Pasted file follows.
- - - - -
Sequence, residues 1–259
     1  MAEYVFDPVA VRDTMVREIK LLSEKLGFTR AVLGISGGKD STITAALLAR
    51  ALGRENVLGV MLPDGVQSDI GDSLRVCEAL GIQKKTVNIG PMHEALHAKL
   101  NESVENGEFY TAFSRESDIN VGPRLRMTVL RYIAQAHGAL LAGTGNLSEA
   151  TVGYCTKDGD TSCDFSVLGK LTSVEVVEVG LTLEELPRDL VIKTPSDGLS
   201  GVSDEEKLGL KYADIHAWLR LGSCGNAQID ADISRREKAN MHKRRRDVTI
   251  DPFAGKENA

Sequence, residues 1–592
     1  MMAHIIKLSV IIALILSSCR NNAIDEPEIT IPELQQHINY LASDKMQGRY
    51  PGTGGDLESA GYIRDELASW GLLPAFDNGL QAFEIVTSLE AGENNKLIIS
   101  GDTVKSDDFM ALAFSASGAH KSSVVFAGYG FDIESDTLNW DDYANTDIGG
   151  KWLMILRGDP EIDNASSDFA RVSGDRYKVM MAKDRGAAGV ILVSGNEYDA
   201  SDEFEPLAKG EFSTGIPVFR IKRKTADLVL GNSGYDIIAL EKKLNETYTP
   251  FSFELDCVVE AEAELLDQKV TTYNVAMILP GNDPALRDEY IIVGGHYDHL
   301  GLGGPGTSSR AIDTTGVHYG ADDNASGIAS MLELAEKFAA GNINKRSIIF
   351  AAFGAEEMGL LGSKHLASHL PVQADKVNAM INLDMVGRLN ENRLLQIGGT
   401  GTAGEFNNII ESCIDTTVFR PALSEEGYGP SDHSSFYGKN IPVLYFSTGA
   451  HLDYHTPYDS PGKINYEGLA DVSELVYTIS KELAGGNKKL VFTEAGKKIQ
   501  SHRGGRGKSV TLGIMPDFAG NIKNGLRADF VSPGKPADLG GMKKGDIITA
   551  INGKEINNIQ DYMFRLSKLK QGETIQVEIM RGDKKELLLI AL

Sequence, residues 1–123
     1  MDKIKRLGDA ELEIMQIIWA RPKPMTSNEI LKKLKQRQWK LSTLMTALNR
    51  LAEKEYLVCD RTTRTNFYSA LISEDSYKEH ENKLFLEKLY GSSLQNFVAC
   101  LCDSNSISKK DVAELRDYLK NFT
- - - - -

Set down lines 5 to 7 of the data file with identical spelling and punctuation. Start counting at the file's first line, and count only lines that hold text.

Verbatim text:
   151  TVGYCTKDGD TSCDFSVLGK LTSVEVVEVG LTLEELPRDL VIKTPSDGLS
   201  GVSDEEKLGL KYADIHAWLR LGSCGNAQID ADISRREKAN MHKRRRDVTI
   251  DPFAGKENA